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The Garden Is Still There

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For whatever reason, I can come up with too many to list, I just haven’t written much about the garden in the past year or so. It does not mean that I am not active in the garden, in fact, up until a week ago I was buried with cucumbers! Then, the heat and white flies took their toll! The banana plants are growing like crazy but no hint of fruit……yet. They need 14-15 frost free months…..oops….fingers crossed for a mild winter. Looking at March of 2018……..

Tomatoes have finally bit the dust but a couple are hanging around……Yanked most of the vines out last week. Spread mulch and soon…..finished compost from my bins. I just planted some fall Irish Potatoes……only need 110 days or so….should be no trouble.

My Scarlet beans are still climbing skyward, soon to be replaced with Blue Lake….my favorite. Half of my strawberry plants are kicking butt, but, the half that was heavily shaded by the voraciously growing cucumbers look a little pathetic. Gotta give them some love!

I potted up 5 pineapple plants so I can shield them from potential freezes…..I didn’t do so well with those left in the ground last year. I really, really, really want to eat a homegrown pineapple! At the same time I potted up 3 Manazano banana plants…..it is a chore to stay ahead of the new growth that pulls nutrients away from the main stalks. The trimmed banana leave do make excellent mulch…….and they cover a lot of surface area….weed killer deluxe.

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Five pineapple plants, two are over a year old the other three are from early summer.

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One fat stalk and two smaller Manzano banana plants.

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Ok, not easy to see, but I have 6 potholes dug with cut pieces of potato buried……just waiting for some shoots to emerge.

Bees, yes I still have them – down to 12 hives……one became weak and I combined it with a stronger hive and wow, it is booming. I have work to do this week, three hives are overflowing with bees and I need to put a plan together……splits?, NUC’s?, or? The summer dearth is here so I am feeding the bees until the Fall flow…..Goldenrod is the mainstay but will have to see what else adds to the Fall nectar flow.

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This is the swarm I trapped in my backyard over the May weekend when my son Ben was married. I replaced the queen a several weeks ago and added a second brood box today… the new queen is really doing well.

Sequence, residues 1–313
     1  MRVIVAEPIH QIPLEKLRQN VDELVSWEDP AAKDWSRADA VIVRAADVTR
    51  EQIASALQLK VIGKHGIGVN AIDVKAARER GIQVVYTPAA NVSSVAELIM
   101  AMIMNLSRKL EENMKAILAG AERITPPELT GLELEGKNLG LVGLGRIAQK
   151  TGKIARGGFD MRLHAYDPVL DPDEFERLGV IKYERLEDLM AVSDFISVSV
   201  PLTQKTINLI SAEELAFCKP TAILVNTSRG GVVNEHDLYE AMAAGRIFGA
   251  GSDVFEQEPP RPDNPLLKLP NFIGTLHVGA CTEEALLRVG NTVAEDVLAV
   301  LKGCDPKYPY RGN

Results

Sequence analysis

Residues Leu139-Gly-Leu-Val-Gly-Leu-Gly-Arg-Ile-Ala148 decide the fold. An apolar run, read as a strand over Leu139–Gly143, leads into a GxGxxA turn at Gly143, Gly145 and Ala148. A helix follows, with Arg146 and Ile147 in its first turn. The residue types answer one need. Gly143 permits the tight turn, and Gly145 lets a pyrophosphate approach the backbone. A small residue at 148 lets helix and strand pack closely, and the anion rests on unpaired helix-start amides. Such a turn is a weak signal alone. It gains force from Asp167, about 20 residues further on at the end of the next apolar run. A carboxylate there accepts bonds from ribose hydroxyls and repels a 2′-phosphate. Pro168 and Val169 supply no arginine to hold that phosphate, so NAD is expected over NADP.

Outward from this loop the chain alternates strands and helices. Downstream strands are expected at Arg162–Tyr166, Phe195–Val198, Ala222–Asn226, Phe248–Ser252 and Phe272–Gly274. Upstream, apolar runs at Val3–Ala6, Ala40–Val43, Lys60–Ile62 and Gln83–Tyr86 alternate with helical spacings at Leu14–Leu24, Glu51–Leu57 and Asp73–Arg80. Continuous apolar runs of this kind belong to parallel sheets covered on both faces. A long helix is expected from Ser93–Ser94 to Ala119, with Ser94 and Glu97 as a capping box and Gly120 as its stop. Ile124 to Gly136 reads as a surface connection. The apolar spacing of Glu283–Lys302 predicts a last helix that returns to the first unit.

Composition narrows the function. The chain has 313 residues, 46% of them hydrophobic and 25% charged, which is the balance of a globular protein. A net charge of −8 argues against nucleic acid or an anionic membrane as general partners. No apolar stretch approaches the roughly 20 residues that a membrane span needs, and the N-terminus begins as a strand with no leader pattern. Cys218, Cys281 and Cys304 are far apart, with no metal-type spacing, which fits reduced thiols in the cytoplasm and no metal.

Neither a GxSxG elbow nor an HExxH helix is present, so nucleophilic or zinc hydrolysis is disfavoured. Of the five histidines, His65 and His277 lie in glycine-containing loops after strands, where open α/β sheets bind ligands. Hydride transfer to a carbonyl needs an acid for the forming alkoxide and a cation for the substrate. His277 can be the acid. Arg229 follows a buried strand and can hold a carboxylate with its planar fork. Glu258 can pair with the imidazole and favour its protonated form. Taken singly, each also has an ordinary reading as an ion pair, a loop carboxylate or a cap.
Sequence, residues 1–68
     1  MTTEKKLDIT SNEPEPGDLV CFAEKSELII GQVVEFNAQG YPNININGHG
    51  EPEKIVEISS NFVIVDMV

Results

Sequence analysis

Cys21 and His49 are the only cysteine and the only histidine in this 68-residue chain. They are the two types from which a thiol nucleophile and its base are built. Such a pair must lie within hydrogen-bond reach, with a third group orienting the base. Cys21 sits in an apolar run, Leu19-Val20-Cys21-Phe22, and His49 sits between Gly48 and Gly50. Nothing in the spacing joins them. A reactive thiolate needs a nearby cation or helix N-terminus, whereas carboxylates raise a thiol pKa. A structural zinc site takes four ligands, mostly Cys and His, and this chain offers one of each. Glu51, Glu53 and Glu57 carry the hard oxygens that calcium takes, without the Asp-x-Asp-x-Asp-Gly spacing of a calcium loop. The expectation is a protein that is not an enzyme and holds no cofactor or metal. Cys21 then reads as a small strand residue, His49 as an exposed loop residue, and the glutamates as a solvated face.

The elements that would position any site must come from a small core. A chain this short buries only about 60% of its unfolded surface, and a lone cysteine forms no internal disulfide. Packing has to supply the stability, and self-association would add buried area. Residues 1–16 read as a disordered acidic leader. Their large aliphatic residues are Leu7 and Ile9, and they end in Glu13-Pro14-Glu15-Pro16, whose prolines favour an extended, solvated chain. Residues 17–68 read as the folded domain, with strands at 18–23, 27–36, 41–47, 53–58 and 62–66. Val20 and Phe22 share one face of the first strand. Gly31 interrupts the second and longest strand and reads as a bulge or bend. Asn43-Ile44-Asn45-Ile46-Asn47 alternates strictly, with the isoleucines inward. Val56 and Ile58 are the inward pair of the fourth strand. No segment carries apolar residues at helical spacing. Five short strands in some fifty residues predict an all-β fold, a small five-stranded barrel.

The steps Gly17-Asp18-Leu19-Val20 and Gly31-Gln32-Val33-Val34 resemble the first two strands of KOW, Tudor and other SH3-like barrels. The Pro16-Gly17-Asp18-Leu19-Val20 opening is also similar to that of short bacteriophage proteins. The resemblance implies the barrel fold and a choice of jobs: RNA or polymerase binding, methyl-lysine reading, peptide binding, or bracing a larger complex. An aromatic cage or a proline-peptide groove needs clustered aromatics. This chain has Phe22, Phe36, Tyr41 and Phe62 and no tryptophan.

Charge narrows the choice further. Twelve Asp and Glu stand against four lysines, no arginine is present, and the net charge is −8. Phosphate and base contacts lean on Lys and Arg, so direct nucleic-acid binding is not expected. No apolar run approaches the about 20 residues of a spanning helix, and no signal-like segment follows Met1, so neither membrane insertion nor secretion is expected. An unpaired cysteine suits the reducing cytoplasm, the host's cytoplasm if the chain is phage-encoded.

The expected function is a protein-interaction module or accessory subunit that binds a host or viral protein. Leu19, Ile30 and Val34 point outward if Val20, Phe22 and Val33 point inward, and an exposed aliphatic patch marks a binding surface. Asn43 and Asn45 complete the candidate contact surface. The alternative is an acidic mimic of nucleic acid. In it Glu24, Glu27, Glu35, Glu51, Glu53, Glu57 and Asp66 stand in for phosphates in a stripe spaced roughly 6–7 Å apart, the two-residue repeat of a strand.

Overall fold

Ok, enough for now…..more garden clean-up, sweat soaked shirts and bee business for the remainder of the week.

TTFN

Bishop

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Musings – Something I do too Often

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My wandering mind, always a bit out of control.

Yesterday I was trying to cram too many activities into my day…..The guy at the mower shop called for the third time about my leaf vacuum and chipper that had been in the shop, ready for over two weeks….I had bees to feed, beers to drink, weeds to pull, strawberries to pick and the list went on.

My fat tired garden wagon was strapped to the rack on the back of my Suburban. I released the ratchet strap and placed the strap inside the vehicle…..got distracted…….maybe the bee swarm trap was attracting attention, another cup of coffee, my 5th, and…..oh yes go get the leaf Vac. Fired up the Suburban and headed off. Arrived at the shop, grabbed a strap to tie down the leaf vac and wandered to the back of the Suburban……..and i luckily made it the 8 miles to the shop with the garden wagon still resting on the rack…..Surprise, surprise. FYI, this is garden wagon number two……..I lost one a year and half ago….it was “strapped” down, but obviously not well. Fifteen miles of freeway driving followed the 6 miles from my house down Kingwood Drive to the freeway. I retraced the route, hoping for the best but, I was worried about a catastrophic event. It became obvious that I was lucky and I suspect someone else got lucky and picked up and $ 80.00 wagon…….maybe a little scraped and dented!

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The infamous rack and a peek inside my two “seater” Suburban. the wagon wheels are visible on the left side. I may need to invest in a truck soon!

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A closer look. My “Goo” friend John built me a box to organize my tools….again…my scattered brain always hunting for where the needed tools are. The box will also double a a swarm box if I encounter one…..Love it!

What else…..Oh yes the swarm. It is drawing “lookie lu’s”…..today looks promising. I have some old comb in the trap and that is generating lots of visitors into the open house. Fingers crossed.

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Swarm box with “lookie lu’s”. I hope they like the decor and invite the rest of the group.

Tomatoes

March 28 and I have lot’s of green tomatoes, Celebrity and Juliet are producing. I have been using my electric toothbrush to buzz pollinate the tomato blossoms….apparently successfully. Check out the old link to my article.

 

Blogging Hiatus

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Oh, I hope it is over! I am long overdue. I have an excuse for the hiatus….actually multiple excuses. It has been a bit of slow times in the garden, Holidays, travel and building/prepping bee equipment that I will claim for my excuses. Let me add the distraction of my Christmas gift, Kitchen Aid mixer for making bread and creamed honey for your consideration! I have more if you want to ask!

January 2nd, my wife and I embarked on an epic 4,125 mile road trip. We got as far north as Billings,MT. Why Billings…… it had something to do with beer, snow and stubbornness! Torrington, WY to see my great grandsons….. and granddaughter. Four days in Breckinridge, CO for a family gathering – skiing, tubing and snowshoeing and family bonding. Albuquerque, NM  to visit with my cousin. All in all an interesting trip.